But even in smaller races, such as the U.S. Senate and House contests in Georgia, candidates are willing to spend their own money as a sign to potential donors that they are in it to win.
“The difference is Bloomberg is doing this at such large amounts,” Steigerwalt said. “Loeffler said, ‘I will put in this money. This shows you how serious I am.’”
Loeffler’s two main opponents — Democrat Raphael Warnock and Republican U.S. Rep. Doug Collins — haven’t had to file disclosures yet because they entered the race in late January.
Another contender, Democrat Matt Lieberman, raised more than $700,000 and has about $370,000 in his war chest.
Loeffler's counterpart in the U.S. Senate, David Perdue, cemented his status as Georgia's top fundraising candidate in 2019, collecting nearly $2 million in the final three months of the year.
The former Fortune 500 chief executive kicks off the year with about $7.8 million on hand as he races for a second term, and thus far he has not invested any of his own money.
Ben Fry, Perdue’s campaign manager, said the numbers show that the senator’s message resonates with voters.
“Georgians are proud of Sen. Perdue’s record as a bipartisan leader and political outsider who gets results for our families,” Fry said. “Their early investment in his campaign shows they are not taking this election for granted and they are grateful that Sen. Perdue is leading the way to grow our economy and keep Americans safe.”
Perdue’s chief Democratic fundraising rival is Jon Ossoff, a former 6th Congressional District candidate who raised about $1 million over the past three months and has $1.5 million in his campaign coffers.
The other two high-profile Democrats lagged behind. Teresa Tomlinson collected about $530,000 over the three-month period and has $320,000 on hand. Sarah Riggs Amico, who ran for lieutenant governor two years ago, raised $140,000 and pumped an additional $365,000 into her campaign. She’s got nearly $500,000 in her account.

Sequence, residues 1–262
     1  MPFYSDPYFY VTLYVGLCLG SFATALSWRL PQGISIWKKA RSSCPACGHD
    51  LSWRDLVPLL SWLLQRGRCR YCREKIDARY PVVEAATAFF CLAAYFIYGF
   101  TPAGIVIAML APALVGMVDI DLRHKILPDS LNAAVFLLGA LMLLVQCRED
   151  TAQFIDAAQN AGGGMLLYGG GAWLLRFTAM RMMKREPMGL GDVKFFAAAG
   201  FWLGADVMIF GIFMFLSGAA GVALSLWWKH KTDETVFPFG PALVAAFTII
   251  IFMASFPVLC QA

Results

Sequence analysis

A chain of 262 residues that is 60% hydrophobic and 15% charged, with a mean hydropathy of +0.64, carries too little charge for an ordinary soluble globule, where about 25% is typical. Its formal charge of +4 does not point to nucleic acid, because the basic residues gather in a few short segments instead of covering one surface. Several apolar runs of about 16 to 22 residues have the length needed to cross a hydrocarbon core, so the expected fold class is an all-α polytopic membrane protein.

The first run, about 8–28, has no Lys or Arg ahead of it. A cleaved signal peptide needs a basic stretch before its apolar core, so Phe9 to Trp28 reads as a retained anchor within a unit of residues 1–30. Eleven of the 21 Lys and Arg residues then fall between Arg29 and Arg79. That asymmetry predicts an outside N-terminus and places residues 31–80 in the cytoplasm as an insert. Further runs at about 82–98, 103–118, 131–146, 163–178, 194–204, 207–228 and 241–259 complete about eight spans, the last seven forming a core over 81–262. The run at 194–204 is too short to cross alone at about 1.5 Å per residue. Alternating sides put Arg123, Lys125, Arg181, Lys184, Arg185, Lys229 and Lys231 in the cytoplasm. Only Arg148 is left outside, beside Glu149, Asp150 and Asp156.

Amico stepped down as executive chairwoman of her family's trucking firm last month to devote herself full time to her Senate race. She said she looks at the money she loaned, which is $765,000 to date, as seed capital needed to hire the staff and build the campaign structure she believes it will take to win.
“I look at it as being very consistent about putting my money where my mouth is,” Amico said.
When it comes to the two suburban Atlanta U.S. House seats drawing the most attention, Democratic candidates lead their GOP counterparts in fundraising.
U.S. Rep. Lucy McBath ended the year with the heftiest Democratic campaign bank account in Georgia. She took in nearly $1 million in the fourth quarter and ended the year with about $2 million in her coffers despite a pledge not to accept any donations from corporate political committees.
In January, her campaign announced that McBath had surpassed 80,000 individual small-dollar donors. Her end-of-2019 haul surpassed Republican rival and former U.S. Rep. Karen Handel, who raised $300,000 over the same period and has about $830,000 in cash on hand.
In the open race for Georgia’s 7th District, Democrat Carolyn Bourdeaux reported about $860,000 in the bank, the most on hand of all candidates racing to succeed retiring U.S. Rep. Rob Woodall.
Three of her chief Republican rivals — Lynne Homrich, Rich McCormick and state Sen. Renee Unterman — all have loaned their campaigns cash.